SURPRISE, SURPRISE, SURPRISE: The Cowboys, Lions and Panthers were three of the most surprising teams in the NFL during the regular season. The Cowboys and Panthers won division titles. The Lions finished second in the NFC North, losing to the Packers at Lambeau Field on Sunday in a battle for the division title.

The Panthers had a poor record (7-8-1), but they are still a surprise division champion. Maybe that’s more a reflection of the disappointing seasons turned in by the Saints (7-9) and Falcons (6-10). The 49eers (8-8) also deserve a mention as being among the most disappointing teams.


COSTLY VICTORY: By winning Sunday’s season finale against the Giants, the Eagles avoided ending the season with a four-game losing streak. But they also dropped to 20th in the NFL Draft, the worst drafting position a team can have without making the playoffs. Four AFC teams (the Bills, Texans, Chiefs and Chargers) finished 9-7.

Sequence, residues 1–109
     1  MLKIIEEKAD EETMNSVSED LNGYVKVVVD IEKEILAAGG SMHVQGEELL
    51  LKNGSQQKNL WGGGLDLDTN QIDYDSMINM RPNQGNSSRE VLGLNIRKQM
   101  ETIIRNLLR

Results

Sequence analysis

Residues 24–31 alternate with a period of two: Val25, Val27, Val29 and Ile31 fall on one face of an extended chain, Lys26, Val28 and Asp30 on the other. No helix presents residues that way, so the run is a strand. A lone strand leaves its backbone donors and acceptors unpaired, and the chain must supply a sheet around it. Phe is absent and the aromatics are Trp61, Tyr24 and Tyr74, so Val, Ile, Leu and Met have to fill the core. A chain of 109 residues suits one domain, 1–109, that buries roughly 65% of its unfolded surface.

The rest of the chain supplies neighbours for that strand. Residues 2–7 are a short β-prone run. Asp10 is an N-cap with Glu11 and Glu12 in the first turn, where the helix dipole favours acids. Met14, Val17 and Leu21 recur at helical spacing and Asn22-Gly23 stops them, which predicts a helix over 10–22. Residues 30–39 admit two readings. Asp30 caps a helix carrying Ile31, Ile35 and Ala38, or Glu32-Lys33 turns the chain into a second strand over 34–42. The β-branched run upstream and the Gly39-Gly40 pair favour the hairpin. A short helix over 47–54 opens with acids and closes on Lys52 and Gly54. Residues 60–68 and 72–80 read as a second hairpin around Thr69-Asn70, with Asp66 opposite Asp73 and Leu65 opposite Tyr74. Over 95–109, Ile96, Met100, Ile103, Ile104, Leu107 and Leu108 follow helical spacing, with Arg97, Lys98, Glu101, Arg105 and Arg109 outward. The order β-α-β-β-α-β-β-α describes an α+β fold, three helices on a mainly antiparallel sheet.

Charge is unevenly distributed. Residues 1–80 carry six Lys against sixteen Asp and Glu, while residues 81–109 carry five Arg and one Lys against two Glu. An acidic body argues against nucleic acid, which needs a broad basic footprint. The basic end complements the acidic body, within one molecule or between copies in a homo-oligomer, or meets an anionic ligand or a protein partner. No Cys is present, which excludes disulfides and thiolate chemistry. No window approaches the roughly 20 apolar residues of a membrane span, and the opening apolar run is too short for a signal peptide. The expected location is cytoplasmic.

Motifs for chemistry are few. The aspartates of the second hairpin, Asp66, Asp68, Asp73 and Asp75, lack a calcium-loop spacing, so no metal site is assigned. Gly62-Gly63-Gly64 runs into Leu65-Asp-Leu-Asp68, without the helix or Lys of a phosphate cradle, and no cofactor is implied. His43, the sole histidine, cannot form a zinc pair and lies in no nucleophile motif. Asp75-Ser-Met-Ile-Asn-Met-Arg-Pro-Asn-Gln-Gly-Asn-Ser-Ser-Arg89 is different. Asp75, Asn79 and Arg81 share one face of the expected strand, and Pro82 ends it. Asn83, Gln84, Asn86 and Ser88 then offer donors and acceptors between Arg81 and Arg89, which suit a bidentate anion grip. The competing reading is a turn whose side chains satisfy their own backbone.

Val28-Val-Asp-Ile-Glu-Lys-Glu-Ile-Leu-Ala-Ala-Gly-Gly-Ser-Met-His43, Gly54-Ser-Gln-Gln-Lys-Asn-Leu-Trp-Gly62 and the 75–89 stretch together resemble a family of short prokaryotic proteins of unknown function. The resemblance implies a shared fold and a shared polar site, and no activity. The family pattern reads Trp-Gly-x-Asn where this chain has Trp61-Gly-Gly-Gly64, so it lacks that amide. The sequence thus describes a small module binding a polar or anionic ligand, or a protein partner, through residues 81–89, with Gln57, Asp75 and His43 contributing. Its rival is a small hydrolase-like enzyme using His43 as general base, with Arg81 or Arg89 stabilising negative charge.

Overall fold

HALL DEBATE: The results of the Baseball Hall of Fame balloting will be announced on Jan. 6. The voting sparks the annual debate over players such as Roger Clemens and Barry Bonds, two of the central figures in the performance-enhancing drugs scandal.

The scandal even hurts the case of players such as former Astros first baseman Jeff Bagwell, who has had suspicions cast upon his production even though evidence has never been presented regarding any use of PEDs by Bagwell.

Eric Fisher, who has been covering sports for nearly 26 years, has never used performance-enhancing drugs.

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Side angle of Cody Parkey's missed field goal